Whānau Monthly Pakeke hui provide Trust management with the required direction and advice on important Iwi priorities, particularly the development of our Marae, Toi Tāmanuhiri exhibition and relationships agreements. A focus for Rangatahi is the Leadership programme facilitated every school holidays by Whānau educationalists, the objective being to grow and nurture the Tāmanuhiri values of our future leaders.
Business Activity Te Aranui The Trust has invested a signiﬁcant amount of money in the development of an interactive Iwi register and cloud based archive storage facility. This year the trust will work in consultation with Fronde and a consultancy company to develop a business from this initiative. Enhancements of the Te Aranui framework will be developed by the new company and Tāmanuhiri will provide support services for Iwi or other clients as they join. Juken New Zealand Ltd. (JNL) Several meetings between the Trust and JNL have established a strong working relationship between the two parties. Wharerata Forest Limited (WFL) is the owner of the land and is 50% owned by Tāmanuhiri and eventually the other 50% will be owned by Te Tirawhakaemi. Discussions about several business opportunities arising from our relationship with JNL will come to fruition during this ﬁnancial year. Te Kopua Dee Hawkins manages a small scale farming operation on behalf of the Iwi on the Te Kopua property with the main focus being a fattening unit and enhancement of the land’s productivity.
Pipiwharauroa 'Nga 'K' Whakahirahira'
He Nama Noa Iho
Ko te ngākau, tamariki tonu ana Ko Lindsay Henare te tangata ō te rā
Kātahi te huihuinga tino ātaahua ko tēnei. I haere ahau ki te hui ā ngā “K Whakahirahira” i te marae ō Pāhou i te Rātū kua taha ake. Tino ohorere ana ngā whakaaro i te kitenga i te mahi tangata i reira. Kikī ana te whare i te mahi a te tangata ono tekau te pakeke ki te iwa tekau. Pārekareka ana ki te kite i tōna rite. Kāre e kitea tēnei rite i runga i ō tātou marae i te wā kotahi engari tēra pea nā te Vienna me Venice (68) he māhanga - Tuakana Addie manuhiri whakangahau i tō mai ki waho i ō rātou kāinga. Tino hē tēra whakaaro nā te mea, koinei te āhua ia rua wiki ka huihui ngā , “K- Whakahirahira”. Ko te manuhiri whakangahau o te rā ko Lindsay Henare me tana tira arā ko tana hoa rangatira a Hine, ko Charlie Culshaw me tana tama a Duane te kaitaraiwa nō Mōhaka. He toki hoki a Charlie ki te whakatangitangi i te rehu kōkō (saxophone) me ētahi atu. Nā rātou i whakahaere ngā āhuatanga whakangahau m�� te rā, arā te “K-X Factor”, ngā kanikani kaupoai, me ngā kanikani tau ana ki tō rātou pakeke. Kāre he kupu e kitea hei whakapuaki i te wairua o te hui engari ka mātaki i ngā kanohi ō rātou i reira ka kite i te harikoa, i te menemene, ka hii te ngakau i te whakahirahira ō tēnei huinga ō ngā morehu kāre e kitea ana i ētahi atu hui. He aha ai? Koia rā te Matua, Tama, Joe and Denzil Moeke urupounamu.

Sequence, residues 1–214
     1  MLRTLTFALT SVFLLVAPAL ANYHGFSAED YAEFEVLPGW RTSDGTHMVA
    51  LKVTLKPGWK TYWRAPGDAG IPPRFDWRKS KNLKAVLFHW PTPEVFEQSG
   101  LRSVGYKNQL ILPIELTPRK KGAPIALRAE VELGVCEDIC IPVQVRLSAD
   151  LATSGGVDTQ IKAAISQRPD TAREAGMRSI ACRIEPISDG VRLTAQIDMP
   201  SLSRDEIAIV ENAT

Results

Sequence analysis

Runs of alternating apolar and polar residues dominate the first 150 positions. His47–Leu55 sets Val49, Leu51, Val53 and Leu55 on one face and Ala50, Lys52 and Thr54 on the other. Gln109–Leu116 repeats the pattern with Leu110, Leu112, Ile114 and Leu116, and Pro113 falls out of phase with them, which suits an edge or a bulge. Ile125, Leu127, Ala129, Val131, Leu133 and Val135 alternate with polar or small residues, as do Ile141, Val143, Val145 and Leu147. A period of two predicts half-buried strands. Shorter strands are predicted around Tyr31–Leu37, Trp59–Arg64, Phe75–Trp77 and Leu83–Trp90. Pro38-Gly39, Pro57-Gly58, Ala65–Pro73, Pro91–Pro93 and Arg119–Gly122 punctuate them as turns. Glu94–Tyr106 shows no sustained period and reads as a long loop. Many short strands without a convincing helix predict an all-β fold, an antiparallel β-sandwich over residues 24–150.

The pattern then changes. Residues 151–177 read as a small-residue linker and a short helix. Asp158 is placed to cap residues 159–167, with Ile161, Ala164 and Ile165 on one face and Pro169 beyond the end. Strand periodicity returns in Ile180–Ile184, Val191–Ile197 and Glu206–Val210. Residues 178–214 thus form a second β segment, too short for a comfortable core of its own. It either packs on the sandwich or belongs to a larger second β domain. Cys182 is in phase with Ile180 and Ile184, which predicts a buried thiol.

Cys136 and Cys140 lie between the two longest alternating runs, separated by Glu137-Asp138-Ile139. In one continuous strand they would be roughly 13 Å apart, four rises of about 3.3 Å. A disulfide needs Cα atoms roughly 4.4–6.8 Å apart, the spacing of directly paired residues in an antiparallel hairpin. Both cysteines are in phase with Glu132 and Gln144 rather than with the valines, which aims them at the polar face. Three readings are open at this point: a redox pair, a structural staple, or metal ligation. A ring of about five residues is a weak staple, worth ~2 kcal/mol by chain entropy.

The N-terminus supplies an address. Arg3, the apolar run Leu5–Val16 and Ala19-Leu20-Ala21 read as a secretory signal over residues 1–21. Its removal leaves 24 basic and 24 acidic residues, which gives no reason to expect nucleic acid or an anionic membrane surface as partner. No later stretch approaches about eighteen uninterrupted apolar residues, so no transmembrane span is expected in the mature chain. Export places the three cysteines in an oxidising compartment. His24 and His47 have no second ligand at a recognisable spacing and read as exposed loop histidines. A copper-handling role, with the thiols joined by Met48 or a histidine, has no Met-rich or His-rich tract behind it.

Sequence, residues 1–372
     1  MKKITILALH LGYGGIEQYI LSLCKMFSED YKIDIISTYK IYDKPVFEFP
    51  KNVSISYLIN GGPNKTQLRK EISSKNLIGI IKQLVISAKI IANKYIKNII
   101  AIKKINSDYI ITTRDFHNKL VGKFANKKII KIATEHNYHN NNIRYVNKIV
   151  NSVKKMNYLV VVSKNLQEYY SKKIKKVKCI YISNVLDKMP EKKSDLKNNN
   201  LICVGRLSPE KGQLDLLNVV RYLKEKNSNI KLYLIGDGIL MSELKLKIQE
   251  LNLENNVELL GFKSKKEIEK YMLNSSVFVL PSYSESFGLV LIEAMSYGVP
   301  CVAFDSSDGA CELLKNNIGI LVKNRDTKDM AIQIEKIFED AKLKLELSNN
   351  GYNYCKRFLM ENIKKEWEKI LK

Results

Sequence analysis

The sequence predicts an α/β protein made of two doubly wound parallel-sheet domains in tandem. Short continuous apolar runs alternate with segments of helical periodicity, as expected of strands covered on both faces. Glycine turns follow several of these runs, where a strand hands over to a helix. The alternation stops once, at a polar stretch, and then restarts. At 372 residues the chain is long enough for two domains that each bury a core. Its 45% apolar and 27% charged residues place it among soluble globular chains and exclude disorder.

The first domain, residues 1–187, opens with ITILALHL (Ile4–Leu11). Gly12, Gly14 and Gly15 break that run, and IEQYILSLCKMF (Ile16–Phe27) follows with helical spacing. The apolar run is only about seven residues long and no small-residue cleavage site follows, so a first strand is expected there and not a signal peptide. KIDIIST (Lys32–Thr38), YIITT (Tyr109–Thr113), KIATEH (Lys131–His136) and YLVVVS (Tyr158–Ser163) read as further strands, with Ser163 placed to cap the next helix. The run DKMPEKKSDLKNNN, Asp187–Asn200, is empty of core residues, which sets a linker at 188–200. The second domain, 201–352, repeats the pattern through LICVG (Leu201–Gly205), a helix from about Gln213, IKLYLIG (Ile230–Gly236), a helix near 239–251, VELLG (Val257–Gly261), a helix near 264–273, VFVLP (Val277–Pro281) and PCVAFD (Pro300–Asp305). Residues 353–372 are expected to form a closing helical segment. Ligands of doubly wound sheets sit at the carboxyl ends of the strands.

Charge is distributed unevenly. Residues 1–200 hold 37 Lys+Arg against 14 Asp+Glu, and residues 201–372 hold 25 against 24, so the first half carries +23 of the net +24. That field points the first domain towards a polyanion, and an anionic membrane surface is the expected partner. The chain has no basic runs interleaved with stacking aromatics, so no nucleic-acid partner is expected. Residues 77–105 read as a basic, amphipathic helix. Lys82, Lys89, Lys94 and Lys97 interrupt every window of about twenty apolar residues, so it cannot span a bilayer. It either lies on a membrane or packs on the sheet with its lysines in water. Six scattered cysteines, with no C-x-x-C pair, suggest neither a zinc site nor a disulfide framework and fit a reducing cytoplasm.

Jim Flesher - "Singing Trees" (85)
Te Tangata o te rā - Lindsay Henare and Aunty
Ko Hiwi Wilson tētahi ō ngā kaiwaiata i reira e whakangahau ana. Nōna te reo ō te wā kāinga, rata ana te taringa ki te whakarongo. Kāre he mutunga mai ō ngā mahi. Mutu ana te waiata a tēna, tū ana ki te haka, ki te kanikani, ki te waiata hoki. Ko te kōrero ā te nuinga, koinei te rā tino whakaaronuitia e rātou. He wā whakahoahoa, tutakitaki, whakangahau, whakaharikoakoa hoki. Mihi nui kau ana rātou ki ngā Kaiwhakahaere i tēnei kaupapa. Ko te mea nui ki a rātou arā ko te puta i ō rātou whare, me whai waka hoki hei kawe i a rātou ki ēnei tūmomo huihuinga. Te māngai o te rā!
Bessie TePuni (79) tuakana Kura Shields (82)
Pai ana te kite i huinga harikoa! Photos courtesy of Darryl Ahuriri Hiwi Wilson te kaiwhakangahau
Buddy Smith - Kei te kaha tonu
Charlie Culshaw nō Mohaka
Chief Reporter, Te Manu Kōrihi Māori News Norma (82) me Garth Peck (84)
Kia hiwa rā! Kia hiwa rā! Kia hiwa rā ki tēnei tuku. Kia hiwa rā ki tēnā tuku. Kia tū. Kia oho. Kia mataara.